Calcutta, Nov. 29: The East Calcutta wetlands may have been recognised by Wetlands International as “an international ecological site” under the Ramsar Convention, but they are not out of the woods yet.
The battle to protect the 12,500-hectare wetlands, which began a decade ago, has received a boost with their inclusion on the Ramsar list.
But the 1971 Ramsar Convention, which aims to halt the loss and degradation of wetlands, has “no real legal standing”, state officials and “development” lobbies said today. Environmentalists insisted they would have to be “as watchful as ever”.
“The government has worked hard to get the site declared a Ramsar site, but will it honour the implications it carries'” asked officials of PUBLIC, which had moved a public interest litigation, leading to Justice Umesh Chandra Banerjee declaring the wetlands a Wastewater Recycling Region in 1992 and barring any development in the area.
PUBLIC has been in and out of court for the past 10 years, standing in the way of every project that has been proposed on the protected lands — the most high-profile being the Purnendu Chatterjee-powered IT village.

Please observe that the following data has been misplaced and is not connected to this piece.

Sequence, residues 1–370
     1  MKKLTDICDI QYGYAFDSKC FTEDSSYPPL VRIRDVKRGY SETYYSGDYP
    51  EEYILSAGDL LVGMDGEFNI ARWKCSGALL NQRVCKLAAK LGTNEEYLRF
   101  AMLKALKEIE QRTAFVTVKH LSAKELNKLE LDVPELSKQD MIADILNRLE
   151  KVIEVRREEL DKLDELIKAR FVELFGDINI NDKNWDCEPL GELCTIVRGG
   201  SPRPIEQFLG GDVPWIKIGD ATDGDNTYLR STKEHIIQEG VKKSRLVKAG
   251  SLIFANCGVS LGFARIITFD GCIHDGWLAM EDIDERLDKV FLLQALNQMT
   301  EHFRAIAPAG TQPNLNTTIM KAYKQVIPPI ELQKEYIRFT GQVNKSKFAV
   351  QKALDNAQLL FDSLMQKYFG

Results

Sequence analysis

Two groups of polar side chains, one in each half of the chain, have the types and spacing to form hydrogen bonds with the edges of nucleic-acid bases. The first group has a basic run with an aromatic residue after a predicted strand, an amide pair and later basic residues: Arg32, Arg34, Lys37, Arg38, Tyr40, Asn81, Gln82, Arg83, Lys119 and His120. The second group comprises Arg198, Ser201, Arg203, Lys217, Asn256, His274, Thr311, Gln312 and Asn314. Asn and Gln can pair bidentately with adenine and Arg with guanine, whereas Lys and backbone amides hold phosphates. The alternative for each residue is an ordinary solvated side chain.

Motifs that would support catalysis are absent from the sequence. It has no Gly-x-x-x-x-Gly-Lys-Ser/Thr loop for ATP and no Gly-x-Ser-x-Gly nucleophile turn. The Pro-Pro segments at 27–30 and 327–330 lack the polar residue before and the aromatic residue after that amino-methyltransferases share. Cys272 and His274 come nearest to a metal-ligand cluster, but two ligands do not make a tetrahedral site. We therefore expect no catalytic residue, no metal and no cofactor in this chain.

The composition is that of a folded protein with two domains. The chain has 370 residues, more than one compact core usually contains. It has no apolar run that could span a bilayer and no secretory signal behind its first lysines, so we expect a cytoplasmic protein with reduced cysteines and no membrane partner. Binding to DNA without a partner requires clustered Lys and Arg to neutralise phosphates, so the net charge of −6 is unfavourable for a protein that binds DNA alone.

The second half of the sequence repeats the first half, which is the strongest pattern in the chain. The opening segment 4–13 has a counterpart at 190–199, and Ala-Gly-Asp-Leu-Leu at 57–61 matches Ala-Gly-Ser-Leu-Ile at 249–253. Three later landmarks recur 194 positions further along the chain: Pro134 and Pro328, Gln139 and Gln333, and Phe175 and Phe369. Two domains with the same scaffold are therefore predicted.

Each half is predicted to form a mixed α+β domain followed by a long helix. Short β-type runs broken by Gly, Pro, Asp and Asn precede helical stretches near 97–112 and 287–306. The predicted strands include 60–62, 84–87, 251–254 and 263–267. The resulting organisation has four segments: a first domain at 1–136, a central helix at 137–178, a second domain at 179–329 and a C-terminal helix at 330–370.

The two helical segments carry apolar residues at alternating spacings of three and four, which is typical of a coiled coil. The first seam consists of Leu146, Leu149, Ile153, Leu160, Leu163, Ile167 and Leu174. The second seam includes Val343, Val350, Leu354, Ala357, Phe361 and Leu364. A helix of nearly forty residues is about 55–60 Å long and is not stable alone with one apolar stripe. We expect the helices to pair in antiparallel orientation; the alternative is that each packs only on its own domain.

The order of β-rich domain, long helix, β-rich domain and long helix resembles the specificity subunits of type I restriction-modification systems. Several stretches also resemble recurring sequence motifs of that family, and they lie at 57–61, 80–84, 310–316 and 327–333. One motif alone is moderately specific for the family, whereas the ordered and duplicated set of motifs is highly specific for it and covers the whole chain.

The builders’ bloc is showing no signs that it will give the wetlands a wide berth. “We have just heard of a CMDA plan for a water theme park near Ruby General Hospital. If this falls within the prohibited zone, we will definitely go to court to stop it,” said PUBLIC.
Parikshit Gautam, in-charge, wetlands, WWF-India, has already urged the Bengal government to “keep a strict watch on projects like Rajarhat housing and Bantala leather complex”, bordering the area, to ensure that they do not influence its ecological character.
All eyes are now on the vital wetlands-management plan being drawn up by the government, to be ready “within a month”.
The government had so far internally classified the wetlands into three zones: Core, Buffer I and Buffer II. While the Core was to be protected, “development” was to continue in the Buffer areas.
“Following the Ramsar listing, we will stop all projects. But thousands of people live in those areas and we may allow local activities like fishery or agriculture to continue as a means of livelihood,” environment minister Manab Mukherjee said.